In the sixties we still had plenty of interesting junk yards in Southern California, often including Classics in sad condition. I was a surfer and often searched junk yards for parts to keep my woodies running. I found one of the seven 1949 Cadillac Model 75 limousines that had been custom built for MGM Studios with wooden doors and panels for chauffeuring their stable of western cowboy stars. The first had been rolled and looked to me to be beyond my teenage restoration abilities. However, twenty years later I bought it and continued my junk yard search for straight body parts to restore it. I also found a second example in a Fontana junk yard, it was it better shape, had better design lines and I acquired it, too. My first idea was to combine the two, but it was still an overwhelming challenge. I sold the first, kept the second and over the years located rust free parts cars and an expert wood worker.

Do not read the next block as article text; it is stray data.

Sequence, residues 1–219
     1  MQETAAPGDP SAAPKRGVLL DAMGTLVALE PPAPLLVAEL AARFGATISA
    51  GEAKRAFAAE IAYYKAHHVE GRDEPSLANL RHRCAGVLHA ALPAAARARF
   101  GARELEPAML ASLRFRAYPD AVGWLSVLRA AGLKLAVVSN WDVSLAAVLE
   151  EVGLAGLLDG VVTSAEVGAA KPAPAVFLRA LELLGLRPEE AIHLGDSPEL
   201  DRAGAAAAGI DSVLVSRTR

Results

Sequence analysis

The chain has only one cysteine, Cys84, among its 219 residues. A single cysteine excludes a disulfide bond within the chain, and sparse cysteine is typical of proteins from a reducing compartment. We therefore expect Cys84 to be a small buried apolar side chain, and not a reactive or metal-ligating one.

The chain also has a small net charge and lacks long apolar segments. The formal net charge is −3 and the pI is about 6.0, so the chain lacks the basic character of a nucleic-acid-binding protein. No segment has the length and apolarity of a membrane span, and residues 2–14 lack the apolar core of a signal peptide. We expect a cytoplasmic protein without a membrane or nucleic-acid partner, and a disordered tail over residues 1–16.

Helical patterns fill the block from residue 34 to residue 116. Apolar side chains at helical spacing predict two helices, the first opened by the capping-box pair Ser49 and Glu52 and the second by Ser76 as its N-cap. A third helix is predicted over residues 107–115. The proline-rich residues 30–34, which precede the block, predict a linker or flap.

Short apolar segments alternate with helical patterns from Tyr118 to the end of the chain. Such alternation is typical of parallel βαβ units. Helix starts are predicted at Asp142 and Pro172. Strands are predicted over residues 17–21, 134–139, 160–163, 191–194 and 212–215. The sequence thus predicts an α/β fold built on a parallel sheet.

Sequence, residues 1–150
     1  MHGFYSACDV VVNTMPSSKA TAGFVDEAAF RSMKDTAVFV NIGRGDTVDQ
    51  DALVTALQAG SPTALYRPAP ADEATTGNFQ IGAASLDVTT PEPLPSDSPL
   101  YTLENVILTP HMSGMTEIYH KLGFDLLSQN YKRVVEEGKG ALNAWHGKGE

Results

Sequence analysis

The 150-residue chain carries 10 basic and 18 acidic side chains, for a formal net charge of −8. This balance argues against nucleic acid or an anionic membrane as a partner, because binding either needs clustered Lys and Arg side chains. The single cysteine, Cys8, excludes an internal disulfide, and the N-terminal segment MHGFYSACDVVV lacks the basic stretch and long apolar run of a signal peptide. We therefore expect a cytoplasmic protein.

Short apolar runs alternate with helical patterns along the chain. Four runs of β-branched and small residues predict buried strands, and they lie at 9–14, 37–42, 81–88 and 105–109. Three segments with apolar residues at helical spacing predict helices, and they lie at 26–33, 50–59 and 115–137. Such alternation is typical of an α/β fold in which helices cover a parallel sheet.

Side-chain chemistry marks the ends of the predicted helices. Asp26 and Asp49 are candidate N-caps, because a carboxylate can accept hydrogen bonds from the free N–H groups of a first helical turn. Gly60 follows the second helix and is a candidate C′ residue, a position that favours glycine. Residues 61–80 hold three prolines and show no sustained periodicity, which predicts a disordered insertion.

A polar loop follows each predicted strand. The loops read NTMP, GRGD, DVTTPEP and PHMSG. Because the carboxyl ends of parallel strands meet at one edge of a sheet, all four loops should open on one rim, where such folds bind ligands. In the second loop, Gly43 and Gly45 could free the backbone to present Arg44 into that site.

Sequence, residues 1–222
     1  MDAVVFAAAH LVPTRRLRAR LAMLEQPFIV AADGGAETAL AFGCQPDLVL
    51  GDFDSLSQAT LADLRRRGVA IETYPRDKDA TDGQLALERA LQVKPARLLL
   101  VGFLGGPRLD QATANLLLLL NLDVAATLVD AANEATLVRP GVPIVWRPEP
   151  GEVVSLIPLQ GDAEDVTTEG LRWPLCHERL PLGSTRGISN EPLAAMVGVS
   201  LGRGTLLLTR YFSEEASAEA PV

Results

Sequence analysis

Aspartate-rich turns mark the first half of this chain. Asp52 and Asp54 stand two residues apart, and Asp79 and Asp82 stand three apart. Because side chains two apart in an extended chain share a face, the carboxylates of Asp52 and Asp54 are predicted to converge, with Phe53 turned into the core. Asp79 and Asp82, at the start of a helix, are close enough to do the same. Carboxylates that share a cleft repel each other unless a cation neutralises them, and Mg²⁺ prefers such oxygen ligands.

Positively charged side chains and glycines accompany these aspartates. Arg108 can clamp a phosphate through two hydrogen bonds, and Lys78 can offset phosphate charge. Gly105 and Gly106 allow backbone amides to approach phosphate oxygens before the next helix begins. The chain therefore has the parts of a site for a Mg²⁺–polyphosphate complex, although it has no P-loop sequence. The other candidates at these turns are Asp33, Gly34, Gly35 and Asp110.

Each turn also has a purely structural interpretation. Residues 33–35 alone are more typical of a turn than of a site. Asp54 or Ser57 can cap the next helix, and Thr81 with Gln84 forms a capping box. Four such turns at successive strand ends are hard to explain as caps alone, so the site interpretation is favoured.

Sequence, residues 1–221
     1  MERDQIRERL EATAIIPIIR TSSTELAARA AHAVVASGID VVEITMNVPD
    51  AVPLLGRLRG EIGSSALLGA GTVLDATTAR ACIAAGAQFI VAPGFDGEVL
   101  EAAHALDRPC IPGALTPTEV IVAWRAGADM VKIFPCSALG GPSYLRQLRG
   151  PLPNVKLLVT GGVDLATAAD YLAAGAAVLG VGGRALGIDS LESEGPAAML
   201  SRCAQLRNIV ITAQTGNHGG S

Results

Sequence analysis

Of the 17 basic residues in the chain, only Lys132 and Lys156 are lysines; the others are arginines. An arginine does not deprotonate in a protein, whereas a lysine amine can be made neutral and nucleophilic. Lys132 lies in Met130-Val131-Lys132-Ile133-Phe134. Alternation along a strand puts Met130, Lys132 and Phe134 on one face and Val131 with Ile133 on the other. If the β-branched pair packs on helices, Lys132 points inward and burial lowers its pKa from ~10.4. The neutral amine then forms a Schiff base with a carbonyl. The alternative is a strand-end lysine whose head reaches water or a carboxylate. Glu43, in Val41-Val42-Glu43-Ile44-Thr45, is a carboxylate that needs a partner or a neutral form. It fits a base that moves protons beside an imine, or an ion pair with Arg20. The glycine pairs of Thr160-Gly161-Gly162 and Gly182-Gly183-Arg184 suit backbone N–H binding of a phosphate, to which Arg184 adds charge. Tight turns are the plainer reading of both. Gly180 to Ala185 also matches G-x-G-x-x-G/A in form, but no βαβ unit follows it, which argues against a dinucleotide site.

My forty+ year project started and continued as I put other restoration projects to the front and this one aside. The sheet metal and wood sides was pretty banged up and along the way I found a very straight rust free parts car moving my restoration efforts along. The engine and transmission were rebuilt and are on a test stand ready for installation today. In the meantime, I had found an exceptionally talented woodworker, John Risdon (a Pasadena Art Center graduate in sculpture), who had restored the ash body frame on my J409 Rollston Convertible Victoria Duesenberg before well known fabricator Maurice Delay re-clad it in new metal. John did such a great job on the Duesie (it won Best In Class at Pebble Beach) that I asked if he would restore the Cadillac wood. He advised it was beyond restoration, but it was okay as patterns. He would take it on as a side project. He spent years matching new wood to the disintegrated original wood. The donor chassis offered a straight frame, rust free sheet metal and all the extra bits and pieces needed to insure its completeness and authentic restoration.